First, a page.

New Zealander Olympic Triathlon Team

Here are the confirmed New Zealander triathletes to participate at the 2016 Olympic Games in Rio de Janeiro, Brazil. Click on the athletes social media icons to read more about them.

Tony Dodds Triathlete

Tony Dodds was born on June 16, 1987 in Heusden-Zolder, Belgium. He is currently ranked number one in NZ, has achieved a number of top 5′s in World Cups, and multiple top 10 finishes in the World Triathlon Series.

WTS Ranking: 64
WTS Starts: 28
Age: 29
Residence: New Zealand
Height: 1.84 m
Hobbies: Hunting, Movies
Other Sports: Motorbikes
WTS Podiums: 0

View full results history of Tony Dodds Here

*Athlete information has been extracted from Rankings and information may change as new data is added or corrections are made.

Andrea Hewitt Triathlete

Andrea Hewitt was born on April 4, 1982 in Christchurch, New Zealand. She placed third at the 2009 World Championships, 1st at the World Championship, and competed at the 2008 and 2012 Summer Olympics.

WTS Ranking: 4
WTS Starts: 49
Age: 34
Residence: New Zealand
Height: 1.60 m
Hobbies: Travel, Puzzles
Other Sports: Surf
WTS Podiums: 16

View full results history of Andrea Hewitt Here

*Athlete information has been extracted from Rankings and information may change as new data is added or corrections are made.

Ryan Sissons Triathlete

Ryan Sissons was born on June 24, 1988 in Bulawayo, Zimbabwe. He represented New Zealand at the 2012 London Olympics where he finished 33rd. Silver medalist at the 2010 U23 Triathlon World Championships, 5th WTS Kitzhbeul 2013, and 9th WTS Hamburg 2013.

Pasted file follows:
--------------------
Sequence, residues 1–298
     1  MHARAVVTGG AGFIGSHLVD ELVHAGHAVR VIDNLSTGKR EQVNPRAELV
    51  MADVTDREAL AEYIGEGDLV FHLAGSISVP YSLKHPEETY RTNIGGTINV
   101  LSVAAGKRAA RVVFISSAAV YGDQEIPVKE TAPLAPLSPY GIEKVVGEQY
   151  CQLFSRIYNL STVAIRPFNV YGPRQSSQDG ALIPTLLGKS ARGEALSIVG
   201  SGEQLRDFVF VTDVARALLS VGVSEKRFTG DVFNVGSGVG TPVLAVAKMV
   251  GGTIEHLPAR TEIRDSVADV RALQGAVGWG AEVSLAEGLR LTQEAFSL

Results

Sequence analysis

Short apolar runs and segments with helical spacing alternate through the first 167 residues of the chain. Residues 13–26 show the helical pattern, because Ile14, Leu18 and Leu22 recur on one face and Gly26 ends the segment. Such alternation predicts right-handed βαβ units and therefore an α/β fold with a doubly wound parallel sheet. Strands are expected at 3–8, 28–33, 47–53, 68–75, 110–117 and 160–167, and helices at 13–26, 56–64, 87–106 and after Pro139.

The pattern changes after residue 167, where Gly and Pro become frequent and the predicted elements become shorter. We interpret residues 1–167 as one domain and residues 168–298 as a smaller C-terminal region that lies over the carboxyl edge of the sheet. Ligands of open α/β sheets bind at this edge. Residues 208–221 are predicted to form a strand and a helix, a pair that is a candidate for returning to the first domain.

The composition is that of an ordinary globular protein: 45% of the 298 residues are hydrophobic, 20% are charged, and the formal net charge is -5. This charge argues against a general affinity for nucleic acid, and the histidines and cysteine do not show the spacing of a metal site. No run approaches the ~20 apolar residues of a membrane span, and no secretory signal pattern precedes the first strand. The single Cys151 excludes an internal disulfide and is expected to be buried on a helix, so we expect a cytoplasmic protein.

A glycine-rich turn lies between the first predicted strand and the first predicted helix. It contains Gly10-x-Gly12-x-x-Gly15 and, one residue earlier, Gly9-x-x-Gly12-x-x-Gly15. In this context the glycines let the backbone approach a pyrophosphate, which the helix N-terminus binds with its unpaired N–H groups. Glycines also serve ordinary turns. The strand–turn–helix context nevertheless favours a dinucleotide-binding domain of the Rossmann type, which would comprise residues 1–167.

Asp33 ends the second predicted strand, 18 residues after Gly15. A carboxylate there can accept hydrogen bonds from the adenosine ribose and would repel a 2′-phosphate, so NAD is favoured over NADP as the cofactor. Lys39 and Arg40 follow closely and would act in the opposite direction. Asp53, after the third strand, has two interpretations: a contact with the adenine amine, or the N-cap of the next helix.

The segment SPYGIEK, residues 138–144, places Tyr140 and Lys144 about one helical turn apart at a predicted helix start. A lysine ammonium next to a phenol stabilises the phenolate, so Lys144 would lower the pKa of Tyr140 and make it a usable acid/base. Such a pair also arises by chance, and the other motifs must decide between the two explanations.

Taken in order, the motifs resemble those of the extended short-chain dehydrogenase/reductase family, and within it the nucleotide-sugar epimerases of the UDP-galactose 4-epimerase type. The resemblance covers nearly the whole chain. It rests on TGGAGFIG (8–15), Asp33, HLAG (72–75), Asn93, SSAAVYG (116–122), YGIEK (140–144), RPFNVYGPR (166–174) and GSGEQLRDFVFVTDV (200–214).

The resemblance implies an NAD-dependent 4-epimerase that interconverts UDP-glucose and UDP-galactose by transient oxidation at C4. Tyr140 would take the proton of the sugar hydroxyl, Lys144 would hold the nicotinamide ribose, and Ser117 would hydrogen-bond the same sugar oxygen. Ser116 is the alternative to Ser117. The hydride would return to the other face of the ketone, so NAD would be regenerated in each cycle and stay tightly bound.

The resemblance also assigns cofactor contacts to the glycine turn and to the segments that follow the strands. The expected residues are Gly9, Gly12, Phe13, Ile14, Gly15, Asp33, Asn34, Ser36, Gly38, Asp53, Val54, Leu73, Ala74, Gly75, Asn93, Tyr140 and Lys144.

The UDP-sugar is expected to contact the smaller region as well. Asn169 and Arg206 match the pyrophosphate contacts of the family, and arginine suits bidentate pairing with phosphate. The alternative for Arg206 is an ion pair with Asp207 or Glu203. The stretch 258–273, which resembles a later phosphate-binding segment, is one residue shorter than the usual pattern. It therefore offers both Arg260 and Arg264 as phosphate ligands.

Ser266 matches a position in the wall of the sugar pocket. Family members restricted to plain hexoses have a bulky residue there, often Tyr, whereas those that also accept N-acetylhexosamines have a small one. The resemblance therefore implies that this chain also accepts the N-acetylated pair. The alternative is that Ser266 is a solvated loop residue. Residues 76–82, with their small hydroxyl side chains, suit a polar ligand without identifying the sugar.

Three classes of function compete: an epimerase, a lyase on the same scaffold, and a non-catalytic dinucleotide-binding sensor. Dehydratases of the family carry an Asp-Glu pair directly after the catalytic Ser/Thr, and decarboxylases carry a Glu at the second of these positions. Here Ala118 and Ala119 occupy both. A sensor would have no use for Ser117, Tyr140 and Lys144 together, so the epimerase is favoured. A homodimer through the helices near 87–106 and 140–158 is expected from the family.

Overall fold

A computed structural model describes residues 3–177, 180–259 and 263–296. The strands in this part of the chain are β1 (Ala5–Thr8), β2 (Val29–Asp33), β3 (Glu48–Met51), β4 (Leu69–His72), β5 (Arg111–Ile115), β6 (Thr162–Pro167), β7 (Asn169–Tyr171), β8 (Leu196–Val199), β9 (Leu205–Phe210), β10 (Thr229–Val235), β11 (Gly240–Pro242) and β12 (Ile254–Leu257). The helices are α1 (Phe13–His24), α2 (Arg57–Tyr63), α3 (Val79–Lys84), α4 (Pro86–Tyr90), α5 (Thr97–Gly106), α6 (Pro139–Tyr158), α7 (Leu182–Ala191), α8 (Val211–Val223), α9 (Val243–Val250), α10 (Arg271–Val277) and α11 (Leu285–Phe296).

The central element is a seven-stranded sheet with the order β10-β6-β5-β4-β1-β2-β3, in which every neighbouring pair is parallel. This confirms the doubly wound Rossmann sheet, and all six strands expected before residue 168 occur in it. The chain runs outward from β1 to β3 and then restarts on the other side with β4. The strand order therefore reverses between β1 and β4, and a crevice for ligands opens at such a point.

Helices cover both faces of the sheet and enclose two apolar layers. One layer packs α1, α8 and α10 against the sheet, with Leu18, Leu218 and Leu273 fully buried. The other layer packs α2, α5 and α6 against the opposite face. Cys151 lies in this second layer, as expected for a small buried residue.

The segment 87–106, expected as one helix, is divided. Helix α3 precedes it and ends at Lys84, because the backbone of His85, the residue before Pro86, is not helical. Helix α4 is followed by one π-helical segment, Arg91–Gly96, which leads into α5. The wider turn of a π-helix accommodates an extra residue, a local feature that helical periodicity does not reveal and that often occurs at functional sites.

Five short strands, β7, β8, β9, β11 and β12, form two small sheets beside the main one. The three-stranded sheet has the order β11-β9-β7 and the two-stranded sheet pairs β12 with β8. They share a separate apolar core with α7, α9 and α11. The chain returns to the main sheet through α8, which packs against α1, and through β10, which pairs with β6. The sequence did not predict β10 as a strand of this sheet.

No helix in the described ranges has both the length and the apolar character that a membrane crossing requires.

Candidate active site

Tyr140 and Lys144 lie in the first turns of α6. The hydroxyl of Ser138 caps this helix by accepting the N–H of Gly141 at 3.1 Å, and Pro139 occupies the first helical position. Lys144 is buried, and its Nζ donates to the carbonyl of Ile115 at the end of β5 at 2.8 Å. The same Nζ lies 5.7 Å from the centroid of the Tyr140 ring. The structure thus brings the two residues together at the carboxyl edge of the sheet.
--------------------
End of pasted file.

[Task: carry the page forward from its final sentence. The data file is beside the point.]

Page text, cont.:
WTS Ranking: 12
WTS Starts: 39
Age: 27
Residence: New Zealand
Height: 1.75 m
Hobbies: Beach, MTB
Other Sports: Snowboarding
WTS Podiums: 0

View full results history of Ryan Sissons Here

*Athlete information has been extracted from Rankings and information may change as new data is added or corrections are made.

Nicky Samuels Triathlete

Nicky Samuels was born on February 28, 1983 in Whangarei, New Zealand. She represented New Zealand at the 2012 London Olympic Games. She has won the 2013 XTERRA Triathlon World Championship and the 2012 ITU Aquathlon World Championships.

WTS Ranking: 42
WTS Starts: 39
Age: 33
Residence: New Zealand
Height: 1.70 m
Hobbies: Camping
Other Sports: Hockey
WTS Podiums: 2

View full results history of Nicky Samuels Here

*Athlete information has been extracted from Rankings and information may change as new data is added or corrections are made.

Since making their Olympic debut at Sydney 2000, triathletes have been pushing themselves to the limit in swimming, cycling and running, with the first to the finish line taking gold. There will be men’s and women’s individual events in Copacabana.

Today's Tri NZ was the result of the merging two competing national bodies, the New Zealand Triathlon Association and the Multisport Association of New Zealand in 1988. Formed in 1984 and 1985 respectively, the NZTA was Auckland based and the MANZ membership was largely south of the Bombay Hills.

The International Triathlon Union was founded one year later, on April 1, 1989, at the first ITU Congress in Avignon, France. A total of 30 National Federations attended the initial Congress and preparations were made for the sport’s first World Championships to be held in Avignon in August of 1989. At this meeting the Olympic distance was set at a 1.5-km swim, 40-km bike and 10-km run. More than 800 athletes representing 40 countries competed in the first World Championships. Canada’s Les McDonald was elected as ITU’s first president in 1989.